Talking about all-rounders impressing in the second game, Kedar Jadhav recorded yet another fruitful day in office. Not only did he strike in his very first over for a second consecutive match, he top-scored for the side with a fast-paced 41 off 37 balls, playing the aggressor in the 66-run fifth-wicket stand that brought India back into the game after a series of early dismissals.
Given that the squad for India's defence of the Champions Trophy has to be a full-strength one — which means the regulars in Ravichandran Ashwin, Mohammed Shami, Ravindra Jadeja will be forcing their way back into the side — the likes of Pandya and Jadhav, as well as Axar Patel (who has been a disappointment in the series so far, mind you) will be engaging in a Darwinian war for the all-rounder's spot in the middle-order. And Pandya and Jadhav's shining performances in the two games so far will add to the selectors' headache.
The other major talking point in the home team's performance at the Kotla was veteran campaigner MS Dhoni's inability to finish yet another game. For someone who is considered a legend in the art of chasing, Dhoni certainly seems to have lost a bit of his old touch, something that fans and fellow journalists are going to be talking endlessly about until he shuts them up with the bat.
It was not as if Dhoni recorded a poor outing at the centre, nor did he fall victim to a needless shot. He was playing steadily for the first few deliveries in his innings, something that was required of him given the situation that he found himself in, and was beginning to accelerate the innings once he was settled, one boundary at a time. It ultimately took a clever change in pace, and a brilliant reflex catch by Tim Southee off his own bowling to remove 'Captain Cool' from the crease, and bring about pin-drop silence in the stadium.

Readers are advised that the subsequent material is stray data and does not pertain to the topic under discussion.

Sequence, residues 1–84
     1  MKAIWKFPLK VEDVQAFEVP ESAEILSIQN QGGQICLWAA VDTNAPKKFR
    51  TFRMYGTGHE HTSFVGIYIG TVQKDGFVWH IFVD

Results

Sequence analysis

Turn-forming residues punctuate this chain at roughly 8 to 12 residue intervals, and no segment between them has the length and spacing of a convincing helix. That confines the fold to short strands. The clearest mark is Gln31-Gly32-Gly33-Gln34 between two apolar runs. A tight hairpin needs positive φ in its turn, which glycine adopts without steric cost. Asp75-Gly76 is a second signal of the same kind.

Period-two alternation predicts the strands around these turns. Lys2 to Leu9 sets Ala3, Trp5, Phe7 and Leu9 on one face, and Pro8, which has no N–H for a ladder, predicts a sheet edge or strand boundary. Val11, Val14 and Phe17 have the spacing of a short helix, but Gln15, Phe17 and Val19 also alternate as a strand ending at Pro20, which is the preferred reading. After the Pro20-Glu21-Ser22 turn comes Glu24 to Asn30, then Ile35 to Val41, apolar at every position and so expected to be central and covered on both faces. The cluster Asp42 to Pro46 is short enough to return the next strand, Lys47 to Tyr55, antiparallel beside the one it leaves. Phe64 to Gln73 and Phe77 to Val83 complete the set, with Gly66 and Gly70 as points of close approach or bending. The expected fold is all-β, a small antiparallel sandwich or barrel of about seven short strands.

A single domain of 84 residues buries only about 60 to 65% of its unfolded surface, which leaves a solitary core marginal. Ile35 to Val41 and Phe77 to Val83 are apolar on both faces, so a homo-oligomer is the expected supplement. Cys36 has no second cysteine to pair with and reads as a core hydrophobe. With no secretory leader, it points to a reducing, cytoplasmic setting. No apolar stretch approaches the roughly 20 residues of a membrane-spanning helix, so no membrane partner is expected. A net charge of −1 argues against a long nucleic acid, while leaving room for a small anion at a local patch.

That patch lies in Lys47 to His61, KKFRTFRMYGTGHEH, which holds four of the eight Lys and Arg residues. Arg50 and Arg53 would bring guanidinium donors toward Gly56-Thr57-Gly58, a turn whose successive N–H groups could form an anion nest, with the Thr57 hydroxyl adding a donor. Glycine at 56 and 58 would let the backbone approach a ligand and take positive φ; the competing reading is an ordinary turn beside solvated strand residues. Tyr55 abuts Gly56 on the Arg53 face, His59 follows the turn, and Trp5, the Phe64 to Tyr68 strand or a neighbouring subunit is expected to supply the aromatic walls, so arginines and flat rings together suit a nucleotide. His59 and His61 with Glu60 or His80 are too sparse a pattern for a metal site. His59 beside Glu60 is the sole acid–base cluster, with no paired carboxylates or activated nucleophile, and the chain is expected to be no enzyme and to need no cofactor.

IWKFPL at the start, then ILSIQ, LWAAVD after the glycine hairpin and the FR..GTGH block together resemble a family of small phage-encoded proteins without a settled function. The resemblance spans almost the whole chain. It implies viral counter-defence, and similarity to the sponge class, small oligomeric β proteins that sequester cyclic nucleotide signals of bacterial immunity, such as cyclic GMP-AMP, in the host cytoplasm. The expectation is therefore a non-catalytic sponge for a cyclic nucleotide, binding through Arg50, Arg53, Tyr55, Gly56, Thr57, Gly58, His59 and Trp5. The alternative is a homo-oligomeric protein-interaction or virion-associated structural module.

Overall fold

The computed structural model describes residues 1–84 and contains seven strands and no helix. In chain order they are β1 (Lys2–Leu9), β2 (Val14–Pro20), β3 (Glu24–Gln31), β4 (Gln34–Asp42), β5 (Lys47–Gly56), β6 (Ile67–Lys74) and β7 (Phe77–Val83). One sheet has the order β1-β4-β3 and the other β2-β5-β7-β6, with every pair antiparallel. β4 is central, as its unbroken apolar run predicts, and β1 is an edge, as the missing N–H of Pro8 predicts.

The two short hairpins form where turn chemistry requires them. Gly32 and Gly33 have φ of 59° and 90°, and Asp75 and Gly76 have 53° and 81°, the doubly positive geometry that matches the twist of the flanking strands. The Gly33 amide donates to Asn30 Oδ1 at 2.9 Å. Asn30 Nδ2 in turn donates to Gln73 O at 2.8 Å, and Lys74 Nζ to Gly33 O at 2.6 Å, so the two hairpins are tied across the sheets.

Everyone experiences peaks and troughs in one's life, and Dhoni's aura as a captain and a finisher might be going through the latter at the moment. Thursday's performance barely helped him in overcoming the lows that he is currently going through, and it will certainly call for a more determined approach in the coming games, and some support from the other end as well, if he is to turn things around.
For the Black Caps however, they would have gone back to their hotel rooms in a positive state of mind for once. For the first time, they gave their reinforced bowling unit something to defend, thanks largely to vital contributions from the top order. Unlike the collapse that had marred their batting performance in the forgettable series opener, in which they were reduced to 65 for 7 at one stage, captain Kane Williamson managed to build solid partnerships at the top while rediscovering his old touch.